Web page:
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Adrift: Seventy-six Days Lost at Sea Paperback – October 17, 2002
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From School Library Journal
YA Sailing Napoleon Solo in a single-handed Mini-Transat race from Spain to Antigua, Callahan was west of the Canary Islands when he realized that his sailboat was sinking. He managed to grab the life raft, a knife, his emergency duffel bag, a piece of mains'l, and a sleeping bag. These items became his home and sole possessions for 76 days. Loneliness, hunger, thirst, pain, and weakness dogged Callahan, yet his ingenuity and knowledge of the sea enabled him to survive. The illustrations and diagrams of life aboard Rubber Ducky III enable readers to visualize the hardshipsthe cramped living space of the raft, the hundreds of salt water sores that covered his body, the foreboding appearance of an approaching storm, or the primitive method used to collect fresh water. Harassed by sharks and dorados; at the mercy of storms; sore, cold, and miserable, Callahan shows fortitude and perseverance. An excellent book for all YAs, whether sailors or landlubbers. Pam Spencer, Mount Vernon High School Library, Fairfax, Va.
Copyright 1986 Reed Business Information, Inc. --This text refers to an out of print or unavailable edition of this title.
From Library Journal
Callahan, a marine architect, lost his boat in a storm off the Canary Islands while engaged in a singlehanded race across the Atlantic in 1981. Luckily, he carried far more than the basic emergency equipment required, e.g., a six-person raft. Before sinking he was able to recover his emergency equipment bag and his life raft. Callahan admits to having read the survival accounts of Maurice and Maralyn Bailey ( Staying Alive , 1974) and Dougal Robertson ( Survive the Savage Sea , 1973) and even had the latter's manual Sea Survival (1975) with him in the raft. What makes his story different was his lack of a companion. Through his own ingenuity he learned how to spear fish, fix his solar still, and even repair his holed raft. This is a real human drama that delves deeply into a man's survival instincts. It should be read by anyone venturing offshore in a small boat. John Kenny, San Francisco P.L.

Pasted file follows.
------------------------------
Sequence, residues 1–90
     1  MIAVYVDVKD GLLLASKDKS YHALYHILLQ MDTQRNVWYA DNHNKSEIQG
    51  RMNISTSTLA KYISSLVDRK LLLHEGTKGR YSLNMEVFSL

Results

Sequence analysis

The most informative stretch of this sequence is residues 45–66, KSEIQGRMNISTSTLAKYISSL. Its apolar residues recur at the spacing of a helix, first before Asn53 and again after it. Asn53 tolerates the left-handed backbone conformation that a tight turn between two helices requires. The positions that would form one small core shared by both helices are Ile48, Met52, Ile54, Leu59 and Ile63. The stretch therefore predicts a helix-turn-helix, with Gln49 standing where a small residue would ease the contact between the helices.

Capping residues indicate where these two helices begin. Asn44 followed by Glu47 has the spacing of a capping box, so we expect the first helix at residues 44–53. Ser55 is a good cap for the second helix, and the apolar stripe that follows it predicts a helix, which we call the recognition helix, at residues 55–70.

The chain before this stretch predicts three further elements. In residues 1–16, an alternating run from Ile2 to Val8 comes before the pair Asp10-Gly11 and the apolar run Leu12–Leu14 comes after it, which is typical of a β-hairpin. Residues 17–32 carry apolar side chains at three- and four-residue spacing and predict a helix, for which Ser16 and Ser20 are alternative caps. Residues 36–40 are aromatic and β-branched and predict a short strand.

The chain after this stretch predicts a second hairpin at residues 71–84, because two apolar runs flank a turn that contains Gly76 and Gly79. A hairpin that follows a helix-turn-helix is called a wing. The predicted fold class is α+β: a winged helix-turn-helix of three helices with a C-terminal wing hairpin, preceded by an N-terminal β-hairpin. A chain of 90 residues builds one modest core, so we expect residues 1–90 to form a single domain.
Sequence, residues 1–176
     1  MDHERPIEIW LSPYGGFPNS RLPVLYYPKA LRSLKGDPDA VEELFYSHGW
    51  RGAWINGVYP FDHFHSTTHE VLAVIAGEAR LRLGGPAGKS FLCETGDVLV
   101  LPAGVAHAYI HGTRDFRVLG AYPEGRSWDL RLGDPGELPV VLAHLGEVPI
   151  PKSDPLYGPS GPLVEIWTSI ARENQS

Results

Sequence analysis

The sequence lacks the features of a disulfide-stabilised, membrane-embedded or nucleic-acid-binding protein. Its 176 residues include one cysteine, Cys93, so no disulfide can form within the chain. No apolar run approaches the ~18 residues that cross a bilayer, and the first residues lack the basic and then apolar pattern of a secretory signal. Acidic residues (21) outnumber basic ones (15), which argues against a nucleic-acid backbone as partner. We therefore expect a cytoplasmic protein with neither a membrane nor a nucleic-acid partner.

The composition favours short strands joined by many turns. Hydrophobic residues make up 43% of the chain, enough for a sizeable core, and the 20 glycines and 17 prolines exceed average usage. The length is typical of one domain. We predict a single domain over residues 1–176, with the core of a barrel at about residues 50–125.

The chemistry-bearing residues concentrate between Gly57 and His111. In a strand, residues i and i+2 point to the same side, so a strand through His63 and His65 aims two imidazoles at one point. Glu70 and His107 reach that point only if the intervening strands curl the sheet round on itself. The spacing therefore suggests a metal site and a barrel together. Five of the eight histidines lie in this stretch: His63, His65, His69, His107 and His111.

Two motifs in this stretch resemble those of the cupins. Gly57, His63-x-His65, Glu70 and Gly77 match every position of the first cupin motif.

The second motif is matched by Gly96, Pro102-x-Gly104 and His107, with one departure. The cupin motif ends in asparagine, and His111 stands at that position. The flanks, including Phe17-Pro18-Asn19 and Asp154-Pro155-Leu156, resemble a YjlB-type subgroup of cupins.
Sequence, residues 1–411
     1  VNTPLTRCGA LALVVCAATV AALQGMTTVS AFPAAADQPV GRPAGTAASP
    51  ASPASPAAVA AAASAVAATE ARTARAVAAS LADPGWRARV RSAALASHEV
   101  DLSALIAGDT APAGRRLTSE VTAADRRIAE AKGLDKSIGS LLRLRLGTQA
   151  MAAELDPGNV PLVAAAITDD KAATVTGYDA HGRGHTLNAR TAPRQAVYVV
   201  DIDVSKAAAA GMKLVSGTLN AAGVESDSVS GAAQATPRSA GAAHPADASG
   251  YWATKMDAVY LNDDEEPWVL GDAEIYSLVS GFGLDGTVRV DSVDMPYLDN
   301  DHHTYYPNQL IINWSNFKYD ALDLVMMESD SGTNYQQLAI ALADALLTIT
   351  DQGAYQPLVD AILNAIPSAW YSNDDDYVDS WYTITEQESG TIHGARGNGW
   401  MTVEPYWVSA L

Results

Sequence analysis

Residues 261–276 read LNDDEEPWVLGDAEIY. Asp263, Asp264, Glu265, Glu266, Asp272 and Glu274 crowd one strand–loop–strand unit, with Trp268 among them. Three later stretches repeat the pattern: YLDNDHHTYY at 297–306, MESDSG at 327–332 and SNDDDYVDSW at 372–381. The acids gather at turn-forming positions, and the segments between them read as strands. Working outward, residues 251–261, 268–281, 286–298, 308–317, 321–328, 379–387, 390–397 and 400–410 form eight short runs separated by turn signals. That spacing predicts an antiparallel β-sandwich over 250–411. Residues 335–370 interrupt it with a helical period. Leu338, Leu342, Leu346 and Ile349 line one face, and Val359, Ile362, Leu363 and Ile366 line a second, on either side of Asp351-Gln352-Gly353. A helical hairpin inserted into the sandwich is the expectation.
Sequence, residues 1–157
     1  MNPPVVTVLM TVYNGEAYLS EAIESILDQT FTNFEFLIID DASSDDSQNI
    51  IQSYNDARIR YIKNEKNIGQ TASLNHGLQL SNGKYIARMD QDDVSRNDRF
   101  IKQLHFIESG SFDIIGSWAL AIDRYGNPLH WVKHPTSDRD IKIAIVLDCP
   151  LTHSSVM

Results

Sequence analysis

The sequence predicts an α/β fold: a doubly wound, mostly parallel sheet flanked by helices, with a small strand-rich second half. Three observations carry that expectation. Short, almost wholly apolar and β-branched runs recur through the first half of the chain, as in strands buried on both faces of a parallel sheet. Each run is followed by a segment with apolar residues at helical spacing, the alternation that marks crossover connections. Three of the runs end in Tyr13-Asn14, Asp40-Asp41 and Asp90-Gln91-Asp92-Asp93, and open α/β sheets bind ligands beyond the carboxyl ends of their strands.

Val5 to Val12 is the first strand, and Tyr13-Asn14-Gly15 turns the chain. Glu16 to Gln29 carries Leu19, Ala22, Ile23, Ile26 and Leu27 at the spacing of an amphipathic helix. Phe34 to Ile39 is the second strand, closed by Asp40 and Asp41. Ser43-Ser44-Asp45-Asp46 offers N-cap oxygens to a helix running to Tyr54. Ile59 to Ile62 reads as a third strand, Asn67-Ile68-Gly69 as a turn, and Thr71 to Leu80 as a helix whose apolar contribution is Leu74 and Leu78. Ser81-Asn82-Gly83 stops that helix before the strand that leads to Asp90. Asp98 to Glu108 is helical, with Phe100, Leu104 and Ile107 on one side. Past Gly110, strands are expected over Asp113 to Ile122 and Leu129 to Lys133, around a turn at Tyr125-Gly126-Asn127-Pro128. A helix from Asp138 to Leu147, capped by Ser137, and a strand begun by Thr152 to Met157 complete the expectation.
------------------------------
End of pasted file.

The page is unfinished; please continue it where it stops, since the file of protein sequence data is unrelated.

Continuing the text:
Copyright 1985 Reed Business Information, Inc. --This text refers to an out of print or unavailable edition of this title.
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Top Customer Reviews
Well I think the story itself could fit in a pamphlet. The rest was a how to book on how to fix your water distiller, how to fix your leaky raft, how to suck the liquid from fish eye balls.
What can you do day in and out on a raft for 76 days. Watch for fish, watch for sharks, watch for land. Ok tomorrow, watch for fish, watch for sharks, watch for land. Guess what we do tomorrow.
I thought it was a good story but really a waste of my valuable time. If it was separated into a pamphlet with all of the good stuff and a how to book for the rest, I would have gladly enjoyed the quick pamphlet and been able to get on to my next book quicker.